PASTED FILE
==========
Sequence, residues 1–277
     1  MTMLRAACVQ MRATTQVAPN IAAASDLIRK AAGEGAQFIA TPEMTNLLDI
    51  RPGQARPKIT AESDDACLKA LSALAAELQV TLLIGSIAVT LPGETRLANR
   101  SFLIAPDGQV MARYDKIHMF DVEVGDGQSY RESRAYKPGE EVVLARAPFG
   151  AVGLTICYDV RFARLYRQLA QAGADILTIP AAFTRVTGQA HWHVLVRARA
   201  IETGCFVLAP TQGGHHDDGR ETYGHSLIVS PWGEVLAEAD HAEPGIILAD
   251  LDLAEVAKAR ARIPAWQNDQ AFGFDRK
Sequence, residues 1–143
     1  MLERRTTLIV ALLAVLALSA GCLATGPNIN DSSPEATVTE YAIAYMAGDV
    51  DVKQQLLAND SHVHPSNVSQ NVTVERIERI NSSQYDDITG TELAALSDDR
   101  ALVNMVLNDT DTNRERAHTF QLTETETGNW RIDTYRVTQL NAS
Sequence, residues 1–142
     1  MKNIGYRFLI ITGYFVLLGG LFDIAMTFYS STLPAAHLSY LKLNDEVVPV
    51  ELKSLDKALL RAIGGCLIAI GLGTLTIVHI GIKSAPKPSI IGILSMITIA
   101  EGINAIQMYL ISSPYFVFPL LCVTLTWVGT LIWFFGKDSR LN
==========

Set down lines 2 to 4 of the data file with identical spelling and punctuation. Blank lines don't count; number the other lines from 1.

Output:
     1  MTMLRAACVQ MRATTQVAPN IAAASDLIRK AAGEGAQFIA TPEMTNLLDI
    51  RPGQARPKIT AESDDACLKA LSALAAELQV TLLIGSIAVT LPGETRLANR
   101  SFLIAPDGQV MARYDKIHMF DVEVGDGQSY RESRAYKPGE EVVLARAPFG